Time and the Conways is a play by JB Priestley, written in 1937. I am not familiar with Priestley’s work apart from the famous An Inspector Calls. So I had no idea of what I was letting myself in for, when I attended last Saturday’s performance of the play at the Dundee Rep. It turned out to be a most enjoyable and rewarding experience. As the title might suggest, the passage of time plays an important role in the drama. We begin in 1919 in the Conway’s family home in Yorkshire. The Conways are a prosperous well to do family with four daughters and two sons and the occasion is the 21st birthday of Kay, one of the daughters. The war is over and this is a kind of family celebration. Life is looking good and hope is in the air. A slight discordant note is the presence of Ernest Beevers, who has taken a fancy to Hazel, another of the Conway daughters. Ernest however, is a down to earth industrialist, not quite of the same social class as the Conways.
The second act is in the same room, but it is now 19 years later and how the world has changed! Especially for the Conways. All the hopes of 1919 have been shattered. Carol, the lively and vivacious youngest daughter is dead. Nobody has really succeeded. The family is now on the verge of bankruptcy after years of mismanagement of their inheritance. The lovely Kay has married Ernest, but he is a brute and a bully. This family get together is full of bitterness and despair.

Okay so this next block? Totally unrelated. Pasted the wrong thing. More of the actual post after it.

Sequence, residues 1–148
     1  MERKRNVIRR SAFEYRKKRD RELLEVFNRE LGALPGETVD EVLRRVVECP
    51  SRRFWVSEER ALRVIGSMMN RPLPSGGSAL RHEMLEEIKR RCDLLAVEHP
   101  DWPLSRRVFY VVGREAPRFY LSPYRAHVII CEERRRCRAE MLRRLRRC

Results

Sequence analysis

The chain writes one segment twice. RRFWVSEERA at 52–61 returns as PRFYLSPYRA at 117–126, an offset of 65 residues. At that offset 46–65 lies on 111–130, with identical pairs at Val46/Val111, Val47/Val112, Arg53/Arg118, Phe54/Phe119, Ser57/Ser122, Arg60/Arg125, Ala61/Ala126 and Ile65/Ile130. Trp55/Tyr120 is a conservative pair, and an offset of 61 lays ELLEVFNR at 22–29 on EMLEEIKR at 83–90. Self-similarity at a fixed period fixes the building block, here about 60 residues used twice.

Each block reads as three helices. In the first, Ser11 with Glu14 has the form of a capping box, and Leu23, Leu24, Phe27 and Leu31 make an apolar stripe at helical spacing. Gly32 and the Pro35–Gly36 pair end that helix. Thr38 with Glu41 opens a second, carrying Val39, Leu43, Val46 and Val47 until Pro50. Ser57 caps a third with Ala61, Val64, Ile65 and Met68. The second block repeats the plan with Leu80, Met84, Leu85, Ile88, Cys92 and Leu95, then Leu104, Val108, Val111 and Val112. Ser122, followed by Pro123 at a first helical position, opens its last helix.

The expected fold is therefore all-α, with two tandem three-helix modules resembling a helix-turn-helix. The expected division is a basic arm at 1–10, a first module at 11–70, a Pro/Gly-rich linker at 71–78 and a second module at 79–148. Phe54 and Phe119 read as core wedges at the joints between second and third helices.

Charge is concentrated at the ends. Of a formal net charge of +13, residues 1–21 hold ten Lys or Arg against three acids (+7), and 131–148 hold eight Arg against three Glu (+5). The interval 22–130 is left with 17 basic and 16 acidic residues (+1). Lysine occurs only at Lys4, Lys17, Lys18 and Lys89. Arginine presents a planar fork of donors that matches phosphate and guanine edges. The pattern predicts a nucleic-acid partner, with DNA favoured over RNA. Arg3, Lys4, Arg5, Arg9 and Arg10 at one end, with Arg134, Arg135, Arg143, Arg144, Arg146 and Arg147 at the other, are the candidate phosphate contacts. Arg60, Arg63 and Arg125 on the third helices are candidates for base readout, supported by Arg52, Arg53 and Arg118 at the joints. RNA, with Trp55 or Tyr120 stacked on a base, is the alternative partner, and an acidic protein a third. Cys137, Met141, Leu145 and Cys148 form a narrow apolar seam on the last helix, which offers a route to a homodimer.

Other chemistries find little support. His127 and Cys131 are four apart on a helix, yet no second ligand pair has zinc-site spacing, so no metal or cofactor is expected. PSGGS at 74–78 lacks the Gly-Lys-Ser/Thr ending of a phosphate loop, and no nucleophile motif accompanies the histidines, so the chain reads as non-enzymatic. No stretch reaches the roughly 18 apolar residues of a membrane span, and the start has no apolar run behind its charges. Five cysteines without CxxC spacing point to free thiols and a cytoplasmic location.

The big surprise comes with the third act, when we are once again back in 1919, just seconds after the end of the first act. The hopes, aspirations and idealism which fired the young Conways is even more pronounced than in the first act. As is the latent snobbery, especially from the mother. The seeds of future discord and disappointment become all the more glaring from having seen a glimpse into their future.
Time and the Conways is still a remarkable play and its exposée of the fissures in post world war 1 society just as vibrant now as then. This was a joint production between the Dundee Rep and the Edinburgh Lyceum. In an excellent cast, two Dundee stalwarts had key roles, Irene Macdougall as the mother and Emily Winter as Kay. Most of the rest would be from the Lyceum. The cast also included two newcomers to the Rep, Martin McBride and Molly Vevers. Both were very good and I look forward to seeing more of them on the stage in the months to come. This production run is over, but if you ever get the chance to see a version of Time and the Conways, take it.